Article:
The rest of the paper is organised as follows. Section 2 describes the model. Section 3 shows some preliminary global properties of the two-dimensional dynamic system (feasible set). Section 4 studies the fixed points of the system, the invariant sets, and local stability. Section 5 is concerned with multistability and shows that synchronisation may arise when managers receive the same bonus. It also stresses the differences with Fanti et al. [13] and takes into account the asymmetric case in which bonuses are not equally weighted in the managers’ objective function. Section 6 outlines the conclusions.

#### 2. The Model

Consider a duopoly game with price competition, horizontal differentiation, and market share delegation contracts (see [13] for details). Market demands of goods and are, respectively, given bywhere is the degree of differentiation of (complementary) products, while and are quantity and price per unit of good of firm ().

Both the firms have the same marginal cost and hire a manager, who receives a bonus based on market share (, ), where is total supply. The objective function of manager iswhere are profits and is the (constant) delegation variable of player . Hence, by using (1), (2) becomesfrom which we get the following marginal bonus:

We now assume a discrete time () dynamic setting, where each player has limited information, as in Bischi et al. [14], and uses the following behavioural rule to set the price for the subsequent period:where . We want to describe the qualitative and quantitative long-term price dynamics when products are complementary or independent, that is, , and underline the similarities and differences with the case of substitutability investigated in Fanti et al. [13].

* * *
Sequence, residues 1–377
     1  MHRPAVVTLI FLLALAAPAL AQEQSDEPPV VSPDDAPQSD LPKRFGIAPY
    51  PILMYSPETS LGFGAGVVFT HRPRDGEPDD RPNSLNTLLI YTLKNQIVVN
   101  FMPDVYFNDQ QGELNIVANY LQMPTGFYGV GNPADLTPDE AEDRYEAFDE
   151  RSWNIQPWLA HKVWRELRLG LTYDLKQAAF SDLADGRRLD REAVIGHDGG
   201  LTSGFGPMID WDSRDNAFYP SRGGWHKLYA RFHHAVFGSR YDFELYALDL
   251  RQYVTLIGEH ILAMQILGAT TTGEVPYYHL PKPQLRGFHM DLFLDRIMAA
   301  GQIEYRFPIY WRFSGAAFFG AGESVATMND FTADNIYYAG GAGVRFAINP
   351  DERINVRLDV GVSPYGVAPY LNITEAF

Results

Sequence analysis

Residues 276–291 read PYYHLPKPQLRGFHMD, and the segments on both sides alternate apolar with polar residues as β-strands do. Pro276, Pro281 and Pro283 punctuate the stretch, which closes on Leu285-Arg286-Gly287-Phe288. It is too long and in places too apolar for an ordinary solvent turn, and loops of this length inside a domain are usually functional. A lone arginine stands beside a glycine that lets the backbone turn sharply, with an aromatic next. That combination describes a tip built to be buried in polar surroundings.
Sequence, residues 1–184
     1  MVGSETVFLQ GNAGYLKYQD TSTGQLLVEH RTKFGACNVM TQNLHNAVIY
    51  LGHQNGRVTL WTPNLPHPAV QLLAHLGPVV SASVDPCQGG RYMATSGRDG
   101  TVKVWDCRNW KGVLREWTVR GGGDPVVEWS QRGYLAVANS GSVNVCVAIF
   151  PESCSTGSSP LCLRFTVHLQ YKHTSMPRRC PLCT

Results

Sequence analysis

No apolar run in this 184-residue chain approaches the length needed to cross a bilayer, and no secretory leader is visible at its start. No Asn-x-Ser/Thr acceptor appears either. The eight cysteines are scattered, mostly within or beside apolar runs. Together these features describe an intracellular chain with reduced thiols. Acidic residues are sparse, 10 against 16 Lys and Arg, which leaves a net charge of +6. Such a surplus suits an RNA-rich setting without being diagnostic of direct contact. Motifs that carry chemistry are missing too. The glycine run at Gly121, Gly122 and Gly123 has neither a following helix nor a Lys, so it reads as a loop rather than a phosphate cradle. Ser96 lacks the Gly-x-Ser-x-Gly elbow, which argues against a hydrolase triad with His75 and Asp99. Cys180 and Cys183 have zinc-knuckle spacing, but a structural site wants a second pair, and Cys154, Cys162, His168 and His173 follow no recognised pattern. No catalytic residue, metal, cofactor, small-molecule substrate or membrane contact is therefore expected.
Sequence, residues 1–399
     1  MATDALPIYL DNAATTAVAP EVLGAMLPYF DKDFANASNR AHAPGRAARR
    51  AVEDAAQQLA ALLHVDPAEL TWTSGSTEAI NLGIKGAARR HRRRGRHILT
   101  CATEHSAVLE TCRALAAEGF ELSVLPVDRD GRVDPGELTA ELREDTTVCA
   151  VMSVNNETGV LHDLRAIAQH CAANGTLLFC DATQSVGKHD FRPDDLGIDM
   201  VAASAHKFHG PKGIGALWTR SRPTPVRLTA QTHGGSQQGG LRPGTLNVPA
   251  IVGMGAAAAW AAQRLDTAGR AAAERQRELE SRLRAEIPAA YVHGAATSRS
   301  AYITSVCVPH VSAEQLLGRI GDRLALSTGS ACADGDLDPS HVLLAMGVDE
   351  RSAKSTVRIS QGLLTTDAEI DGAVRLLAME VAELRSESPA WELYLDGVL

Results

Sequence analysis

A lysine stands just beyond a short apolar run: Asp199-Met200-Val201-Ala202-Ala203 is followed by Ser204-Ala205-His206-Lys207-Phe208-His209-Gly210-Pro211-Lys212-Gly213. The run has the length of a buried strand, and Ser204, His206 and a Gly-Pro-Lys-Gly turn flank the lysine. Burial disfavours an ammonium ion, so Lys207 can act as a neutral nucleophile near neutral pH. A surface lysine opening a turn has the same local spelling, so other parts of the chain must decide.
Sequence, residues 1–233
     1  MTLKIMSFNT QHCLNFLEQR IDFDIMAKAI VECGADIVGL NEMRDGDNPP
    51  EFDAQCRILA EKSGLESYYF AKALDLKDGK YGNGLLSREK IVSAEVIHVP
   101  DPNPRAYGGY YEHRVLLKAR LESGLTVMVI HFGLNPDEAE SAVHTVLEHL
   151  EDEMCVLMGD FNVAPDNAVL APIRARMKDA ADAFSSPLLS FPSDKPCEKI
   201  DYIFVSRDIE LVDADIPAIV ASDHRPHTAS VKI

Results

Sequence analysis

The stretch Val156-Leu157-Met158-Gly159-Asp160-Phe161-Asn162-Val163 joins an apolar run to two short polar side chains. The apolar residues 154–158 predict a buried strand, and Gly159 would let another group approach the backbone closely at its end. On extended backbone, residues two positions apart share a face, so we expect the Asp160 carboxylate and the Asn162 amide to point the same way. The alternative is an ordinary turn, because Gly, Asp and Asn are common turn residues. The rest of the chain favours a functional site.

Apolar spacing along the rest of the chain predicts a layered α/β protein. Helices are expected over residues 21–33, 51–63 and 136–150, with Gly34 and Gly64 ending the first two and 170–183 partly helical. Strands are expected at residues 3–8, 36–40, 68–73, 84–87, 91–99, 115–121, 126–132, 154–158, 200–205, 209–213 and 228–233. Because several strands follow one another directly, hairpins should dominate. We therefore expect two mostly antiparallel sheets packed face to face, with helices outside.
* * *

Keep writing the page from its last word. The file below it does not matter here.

Assume , , , and . By using (4) and (5), the two-dimensional discrete time dynamic system is as follows:

#### 3. The Feasible Set

It is of importance to observe that system (6) is economically meaningful only whether, at any time , the two state variables and are not negative; that is, they belong to , where is the convex polygon with vertices , , , and .

Let , , denote the th iterate of system for a given initial condition . Then, the sequence is called* trajectory*. A trajectory is said to be* feasible* for if for all ; otherwise, it is* unfeasible*. The set whose points generate feasible trajectories is called* feasible set*. A point belonging to the feasible set is called* feasible point*.

The feasible set of system is depicted in white in Figures 1(a) and 1(b) for two different parameter constellations, while the unfeasible points belonging to are depicted in grey. The following evidence can be immediately observed: similarly to the substitutability case, (i) set is nonempty such that and (ii) set may have a simple structure (as in Figure 1(a)) or a complex structure (as in Figure 1(b)). The first evidence can be easily demonstrated by considering that the origin is a feasible point and that there exists a small enough such that is not a feasible point.